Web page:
58. As to writing, both the RSP and second grade teachers indicated that Student’s handwriting became more legible as the year progressed. Following the February 2010 amendment IEP, Student received OT to assist in handwriting skills. Student progressed in her handwriting to the extent that the OT recommended, and the IEP team (including Guardian) agreed, that Student could be exited from OT services. All of Student’s providers said that Student could write neatly and legibly, when she slowed down and focused on the task. The evidence showed that Student’s handwriting improved. As long as Student was making progress commensurate with her abilities, she was not being denied a FAPE. (Factual Findings 91, 142, 150-155.)

59. Student has also failed to provide credible evidence that vision therapy would have improved Student’s handwriting. The only evidence submitted was Dr. Ballinger’s report and testimony. However, as already discussed, Dr. Ballinger’s failure to include a consideration of Student’s relevant medical and emotional history rendered her conclusions and opinions unpersuasive. (Legal Conclusions 30, 33.)

60. The evidence established that Student received adequate educational benefit in reading and handwriting. Therefore, the District was not required to seek reassessment or call an IEP meeting to modify Student’s program. Student has failed to meet her burden of proof as to Issues 1(f) and 2(d). (Legal Conclusions 57-59.)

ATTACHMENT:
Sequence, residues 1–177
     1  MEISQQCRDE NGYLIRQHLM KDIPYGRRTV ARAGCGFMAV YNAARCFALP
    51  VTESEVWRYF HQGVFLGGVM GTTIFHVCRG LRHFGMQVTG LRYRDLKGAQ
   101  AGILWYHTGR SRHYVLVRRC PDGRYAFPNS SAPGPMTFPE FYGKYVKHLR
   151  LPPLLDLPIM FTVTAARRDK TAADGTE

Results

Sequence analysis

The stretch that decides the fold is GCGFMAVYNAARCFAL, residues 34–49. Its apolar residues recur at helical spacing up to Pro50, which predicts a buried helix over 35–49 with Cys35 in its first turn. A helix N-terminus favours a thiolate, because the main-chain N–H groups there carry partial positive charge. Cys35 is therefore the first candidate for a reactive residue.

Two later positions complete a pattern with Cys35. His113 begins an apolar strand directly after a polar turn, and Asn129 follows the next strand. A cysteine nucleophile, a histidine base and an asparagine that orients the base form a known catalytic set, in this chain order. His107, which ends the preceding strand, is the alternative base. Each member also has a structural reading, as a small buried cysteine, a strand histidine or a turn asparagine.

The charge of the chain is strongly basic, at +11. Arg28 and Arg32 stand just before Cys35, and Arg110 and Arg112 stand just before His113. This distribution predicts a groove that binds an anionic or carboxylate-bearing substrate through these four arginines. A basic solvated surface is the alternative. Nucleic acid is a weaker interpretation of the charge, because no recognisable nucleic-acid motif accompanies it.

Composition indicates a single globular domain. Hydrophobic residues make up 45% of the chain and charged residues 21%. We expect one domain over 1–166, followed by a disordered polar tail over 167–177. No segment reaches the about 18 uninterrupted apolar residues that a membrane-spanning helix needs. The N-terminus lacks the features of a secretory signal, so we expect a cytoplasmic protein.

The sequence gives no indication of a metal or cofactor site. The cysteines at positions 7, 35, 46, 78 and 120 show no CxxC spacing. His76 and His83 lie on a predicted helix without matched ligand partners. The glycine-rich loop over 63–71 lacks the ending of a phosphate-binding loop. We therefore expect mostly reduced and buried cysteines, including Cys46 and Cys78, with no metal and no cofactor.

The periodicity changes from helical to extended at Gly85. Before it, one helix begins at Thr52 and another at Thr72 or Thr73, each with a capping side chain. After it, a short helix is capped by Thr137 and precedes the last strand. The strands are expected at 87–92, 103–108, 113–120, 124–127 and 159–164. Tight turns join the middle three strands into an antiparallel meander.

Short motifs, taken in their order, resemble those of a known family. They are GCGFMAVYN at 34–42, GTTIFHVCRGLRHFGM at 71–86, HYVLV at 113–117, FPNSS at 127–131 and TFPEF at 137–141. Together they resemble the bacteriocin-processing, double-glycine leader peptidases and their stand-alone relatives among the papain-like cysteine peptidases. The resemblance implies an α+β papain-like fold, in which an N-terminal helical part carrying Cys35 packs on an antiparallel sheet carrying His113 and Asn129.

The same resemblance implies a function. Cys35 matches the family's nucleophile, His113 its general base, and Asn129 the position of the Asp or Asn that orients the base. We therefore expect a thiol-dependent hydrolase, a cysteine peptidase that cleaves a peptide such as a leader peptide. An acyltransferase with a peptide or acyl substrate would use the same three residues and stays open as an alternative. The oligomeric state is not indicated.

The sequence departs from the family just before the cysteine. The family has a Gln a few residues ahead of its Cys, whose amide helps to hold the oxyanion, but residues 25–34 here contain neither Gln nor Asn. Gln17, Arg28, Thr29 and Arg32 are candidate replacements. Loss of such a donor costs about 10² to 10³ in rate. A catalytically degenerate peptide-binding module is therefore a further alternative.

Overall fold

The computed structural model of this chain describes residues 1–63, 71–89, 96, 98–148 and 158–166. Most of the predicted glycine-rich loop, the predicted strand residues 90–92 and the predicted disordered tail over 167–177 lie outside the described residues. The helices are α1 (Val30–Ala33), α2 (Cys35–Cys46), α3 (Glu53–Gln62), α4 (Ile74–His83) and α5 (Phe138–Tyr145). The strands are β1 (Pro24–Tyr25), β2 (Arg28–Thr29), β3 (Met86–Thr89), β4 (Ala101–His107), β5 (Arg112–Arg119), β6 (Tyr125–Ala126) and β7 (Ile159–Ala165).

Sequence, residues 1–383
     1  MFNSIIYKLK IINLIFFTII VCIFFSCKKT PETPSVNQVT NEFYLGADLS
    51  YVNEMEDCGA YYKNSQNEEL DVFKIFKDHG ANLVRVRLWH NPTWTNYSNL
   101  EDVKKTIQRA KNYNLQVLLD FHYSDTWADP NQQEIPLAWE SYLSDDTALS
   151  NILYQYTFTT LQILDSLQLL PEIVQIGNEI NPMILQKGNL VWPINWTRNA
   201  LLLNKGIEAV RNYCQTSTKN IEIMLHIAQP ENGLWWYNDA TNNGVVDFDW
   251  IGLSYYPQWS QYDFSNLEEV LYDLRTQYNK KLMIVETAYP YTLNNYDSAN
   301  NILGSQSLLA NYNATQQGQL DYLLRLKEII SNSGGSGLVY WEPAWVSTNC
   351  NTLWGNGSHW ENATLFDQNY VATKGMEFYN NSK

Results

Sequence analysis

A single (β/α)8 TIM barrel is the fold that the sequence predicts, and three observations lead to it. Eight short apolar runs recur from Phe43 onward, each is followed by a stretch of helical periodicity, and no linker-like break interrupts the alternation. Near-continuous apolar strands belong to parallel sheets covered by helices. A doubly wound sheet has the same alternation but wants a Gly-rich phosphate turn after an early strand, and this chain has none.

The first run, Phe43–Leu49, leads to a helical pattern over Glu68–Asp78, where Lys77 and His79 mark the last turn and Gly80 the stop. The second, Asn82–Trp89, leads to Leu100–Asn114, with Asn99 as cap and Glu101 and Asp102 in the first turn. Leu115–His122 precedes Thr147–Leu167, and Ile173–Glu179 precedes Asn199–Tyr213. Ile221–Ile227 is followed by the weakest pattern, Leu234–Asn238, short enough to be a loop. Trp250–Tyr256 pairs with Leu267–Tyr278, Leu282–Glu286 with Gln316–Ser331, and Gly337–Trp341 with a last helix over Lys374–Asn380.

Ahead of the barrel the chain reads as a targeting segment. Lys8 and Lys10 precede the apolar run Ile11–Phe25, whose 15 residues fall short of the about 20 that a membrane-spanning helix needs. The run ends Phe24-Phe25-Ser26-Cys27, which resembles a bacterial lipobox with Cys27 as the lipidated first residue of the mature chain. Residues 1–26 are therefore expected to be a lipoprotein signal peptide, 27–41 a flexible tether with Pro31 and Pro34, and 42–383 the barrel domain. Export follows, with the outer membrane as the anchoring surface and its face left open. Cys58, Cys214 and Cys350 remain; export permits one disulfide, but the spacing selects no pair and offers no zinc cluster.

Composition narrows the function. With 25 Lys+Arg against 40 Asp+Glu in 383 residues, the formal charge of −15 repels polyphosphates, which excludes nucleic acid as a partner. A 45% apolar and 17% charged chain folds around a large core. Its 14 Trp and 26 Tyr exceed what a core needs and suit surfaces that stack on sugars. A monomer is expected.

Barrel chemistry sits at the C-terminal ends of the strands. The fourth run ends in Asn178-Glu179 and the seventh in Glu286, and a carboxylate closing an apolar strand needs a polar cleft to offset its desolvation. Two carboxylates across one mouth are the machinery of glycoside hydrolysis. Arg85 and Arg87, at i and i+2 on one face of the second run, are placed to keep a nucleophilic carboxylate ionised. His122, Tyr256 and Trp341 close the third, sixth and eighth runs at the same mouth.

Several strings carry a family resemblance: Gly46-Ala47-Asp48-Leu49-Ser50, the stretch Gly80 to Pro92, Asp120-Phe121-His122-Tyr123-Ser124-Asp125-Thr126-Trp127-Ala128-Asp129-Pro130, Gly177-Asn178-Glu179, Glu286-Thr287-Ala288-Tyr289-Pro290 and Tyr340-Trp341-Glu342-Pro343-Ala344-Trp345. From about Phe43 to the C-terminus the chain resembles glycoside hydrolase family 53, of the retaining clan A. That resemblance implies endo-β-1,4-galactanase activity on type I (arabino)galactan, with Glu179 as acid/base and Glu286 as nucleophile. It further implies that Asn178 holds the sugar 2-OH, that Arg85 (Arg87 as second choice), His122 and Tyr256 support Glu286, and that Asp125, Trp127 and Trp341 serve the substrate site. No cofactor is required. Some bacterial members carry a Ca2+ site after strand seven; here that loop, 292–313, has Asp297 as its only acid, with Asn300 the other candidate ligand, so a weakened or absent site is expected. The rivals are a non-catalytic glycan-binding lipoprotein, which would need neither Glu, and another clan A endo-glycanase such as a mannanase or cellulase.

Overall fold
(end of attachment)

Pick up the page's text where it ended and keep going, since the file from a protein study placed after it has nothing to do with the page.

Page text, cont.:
Issues 1(g) and 2(e): Predetermination of Vision Therapy Services

61. Student contends that by choosing Dr. Kirschen to conduct the optometric examination for visual therapy, and Dr. Simon to evaluate visual information processing in her psychoeducational assessment, the District “predetermined” Student’s placement and related service. Student has failed to meet her burden of proving that District predetermined Student’s IEP placement and related services, resulting in a denial of FAPE.

62. Legal Conclusions 54 through 60 are incorporated by reference.

63. Parents of a child with a disability must be afforded an opportunity to participate in meetings with respect to the identification, assessment, educational placement, and provision of a FAPE to their child. (20 U.S.C. § 1414(d)(1)(B)(i); Ed. Code, § 56304, 56342.5.) A district must ensure that the parent of a student who is eligible for special education and related services is a member of any group that makes decisions on the educational placement of the student. (Ed. Code, § 56342.5.) Among the most important safeguards are those that protect the parents’ rights to be involved in the development of their child’s educational plan. (Amanda J. v. Clark County Sch. Dist. (9th Cir. 2001) 267 F.3d 877, 882.)